JK: Mike doesn’t really use your standard studio 5-piece kit. He’s got a very specific setup and I don’t believe in saying “Take this other kit and fit it into your setup.”
PD: I think that happens to a lot of drummers in the studio.
JK: It’s not my philosophy. The performance should always come first and if I can’t make his drumset sound good, then I’m not doing my job. In the beginning, I made my living recording demos with whatever band I could get. I worked with many types of bands but I also liked to use their kits to get experience in different drum sets. The majority of the drum sets I had coming in weren’t Pearl kits and I think that had to do with the drummer’s budgets.
MW: Don’t forget that during the time that we were recording the first record, I wasn’t on the Pearl roster. I had been playing a black Export kit for ten years. Once we received our first advance, I bought the best, top of the line Pearl kit I could get… the MRX Black Mist Masters Custom. (Mike is currently playing an MRX Masters Custom Kit in Cranberry Fade)
JK: There’s something about the sound of a Pearl kit that really suits Mike’s playing. I don’t hear him playing another type kit. There’s an “open sound” about the toms that fit him. If you went in the drum booth now and played the intro to “Down With The Sickness” without the mics and effects on, it sounds like “Down With The Sickness”!
PD: Johnny, are you a drummer?
JK: No, I’m a guitarist but I like to think I can hold down a beat. I wouldn’t consider myself a drummer but I can play some simple beats and tune a kit.
PD: Do you think that’s an area where most drummers are lacking? They may focus 95% of their time on parts but not on how the sound of the kit will fit in the big picture once you throw in the band.
JK: Exactly. Drummers are people who hit things!! (laughs) Tuning is an exercise in patience.
MW: I don’t have patience but I have a tech for that! Just kidding…!
JK: I have a lot of experience in tuning drums for the studio and I like to see how it works together. Once that’s done, you figure out what tunings work with what EQ’s……. but that’s a totally different animal. A lot of times the tuning troubles come from the heads. Sometimes you’ll find a bad head every once and a while. Without tuning drums all the time under the microscope of a studio mic, how would you know you recognize certain problems?
PD: Is there anything else in a drum that you look for before recording?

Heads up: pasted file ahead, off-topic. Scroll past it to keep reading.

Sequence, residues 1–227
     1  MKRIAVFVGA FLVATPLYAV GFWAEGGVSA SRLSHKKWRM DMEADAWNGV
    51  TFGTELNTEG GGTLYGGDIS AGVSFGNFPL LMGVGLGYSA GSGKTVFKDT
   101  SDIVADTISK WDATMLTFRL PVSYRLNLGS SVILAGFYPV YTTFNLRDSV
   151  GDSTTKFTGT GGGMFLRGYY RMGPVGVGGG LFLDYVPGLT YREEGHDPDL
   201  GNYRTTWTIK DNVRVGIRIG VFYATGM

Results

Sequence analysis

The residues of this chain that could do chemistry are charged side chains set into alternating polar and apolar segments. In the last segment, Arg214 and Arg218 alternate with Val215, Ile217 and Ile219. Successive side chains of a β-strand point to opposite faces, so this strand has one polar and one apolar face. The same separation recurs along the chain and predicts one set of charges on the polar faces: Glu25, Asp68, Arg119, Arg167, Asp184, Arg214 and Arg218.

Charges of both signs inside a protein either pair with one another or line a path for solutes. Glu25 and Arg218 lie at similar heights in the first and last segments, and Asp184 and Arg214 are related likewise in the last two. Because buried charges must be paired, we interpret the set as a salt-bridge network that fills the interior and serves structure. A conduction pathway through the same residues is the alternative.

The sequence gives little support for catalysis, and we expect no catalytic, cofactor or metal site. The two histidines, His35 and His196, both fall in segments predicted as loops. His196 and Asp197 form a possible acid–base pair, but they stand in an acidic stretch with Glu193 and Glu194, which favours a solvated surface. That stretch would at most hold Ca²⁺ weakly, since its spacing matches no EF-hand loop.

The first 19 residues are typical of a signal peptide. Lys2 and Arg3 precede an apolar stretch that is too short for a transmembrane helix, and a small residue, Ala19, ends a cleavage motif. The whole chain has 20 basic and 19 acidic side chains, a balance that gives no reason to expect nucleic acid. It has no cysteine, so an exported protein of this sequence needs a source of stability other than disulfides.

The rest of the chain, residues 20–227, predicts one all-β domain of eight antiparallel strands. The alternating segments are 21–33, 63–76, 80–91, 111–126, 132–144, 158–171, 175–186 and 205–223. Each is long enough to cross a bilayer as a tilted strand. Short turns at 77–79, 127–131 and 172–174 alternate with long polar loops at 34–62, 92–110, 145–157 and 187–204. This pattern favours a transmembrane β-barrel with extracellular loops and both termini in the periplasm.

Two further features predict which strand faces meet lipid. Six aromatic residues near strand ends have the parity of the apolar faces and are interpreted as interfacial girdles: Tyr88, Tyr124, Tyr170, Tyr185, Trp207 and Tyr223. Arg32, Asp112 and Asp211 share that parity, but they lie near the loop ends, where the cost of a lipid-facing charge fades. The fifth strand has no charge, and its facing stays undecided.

JK: I like to see the actual workmanship in a drum. Things like how smoothly the tension rods turn… because that will factor into the overall sound. Mike’s tension rods were really nice even though they had been on the road and got beat up.
PD: Which snares are you using for the new recording? MW: The Sensitone 14x5 brass, 14x8 old style maple Pearl Free Floater, and the 14x6.5 maple snare from my Midnight Fade road kit. The brass snare was a lot of the first record.
JK: The 14x6.5 was our favorite because it fit the mood of this record.
PD: Because it had a darker sound?
JK: Not so much darker but more melodic. Obviously we’re not going for a super warm sound because it’s a hard rock/metal record but that maple wood sound helped us out.
PD: Mike, it must be really great to work with a producer that knows your sound inside and out. MW: We believe in The K!! We had done demos with him before we hit it big. We relate on a personal and musical level so there was no contest. When it comes to the studio, he’s the unofficial 5 th member of Disturbed. We’ve had the option to fly out somewhere and use “a big time producer” but we wanted to be home and have that comfort factor. There are some cities that have a lot of “distractions” and we really wanted to focus on putting out a good second record.
JK: Since the success of the Sickness, I’ve done some work in LA and other places but it’s always nice to get back home to my shrine. I love this place. Chicago is a little bit of a shelter from the regular music industry. The atmosphere is a bit more relaxed and laid back.
PD: Thanks to both you guys for taking the time to let us in behind the curtain!
JK: No problem.